Retrospective study of captive jaguar Panthera onca mortality in the European breeding population from 1998 to 2018
Keywords:Neoplasia, Preventive medicine, Post mortem, Trauma, Zoo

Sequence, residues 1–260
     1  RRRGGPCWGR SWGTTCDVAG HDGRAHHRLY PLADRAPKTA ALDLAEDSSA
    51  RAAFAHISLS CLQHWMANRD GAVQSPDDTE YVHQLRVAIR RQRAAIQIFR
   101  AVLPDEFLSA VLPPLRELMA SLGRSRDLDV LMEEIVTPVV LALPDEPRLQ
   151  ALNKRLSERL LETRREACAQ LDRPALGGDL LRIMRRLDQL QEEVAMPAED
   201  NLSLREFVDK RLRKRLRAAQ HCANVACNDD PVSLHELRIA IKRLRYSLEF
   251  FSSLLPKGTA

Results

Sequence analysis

The jaguar Panthera onca is classified as Near Threatened by the IUCN, and the population in the wild is decreasing. To date, no studies on the causes of mortality in jaguars in European zoos have been completed. Therefore, this study was conducted to determine the most common causes of mortality in captive jaguars in the European breeding population between 1998 and 2018. A total of 206 jaguars died during the study period. Causes of death were obtained for 53.8% of the population. Most deaths (51.4%) occurred in geriatric animals, while cubs accounted for 22.3% of deaths. Trauma was the leading known cause of death for the study population (21.6%), affecting primarily cubs and characterised by lethal wounds inflicted by the dam or sire. Cub survival was unaffected by dam parity (P=0.21, OR=0.8, CI=0.46–1.2) or litter size (P=0.09, OR=0.6, CI=0.42–1.28). It is likely that factors such as underlying disease, zoo management and husbandry could influence cub survival. Neoplasia is an important cause of death for the study population (19.8%) and evidence of metastasis was found in over half of those cases. Mammary and liver carcinoma were the most common tumours. This study identifies recent trends in mortality in the European breeding population of jaguars, which can be used to guide preventive medicine programmes. Inconsistencies in record-keeping suggest that a unified necropsy protocol for jaguars in European zoos is needed to gather standardised information and improve understanding of jaguar mortality.
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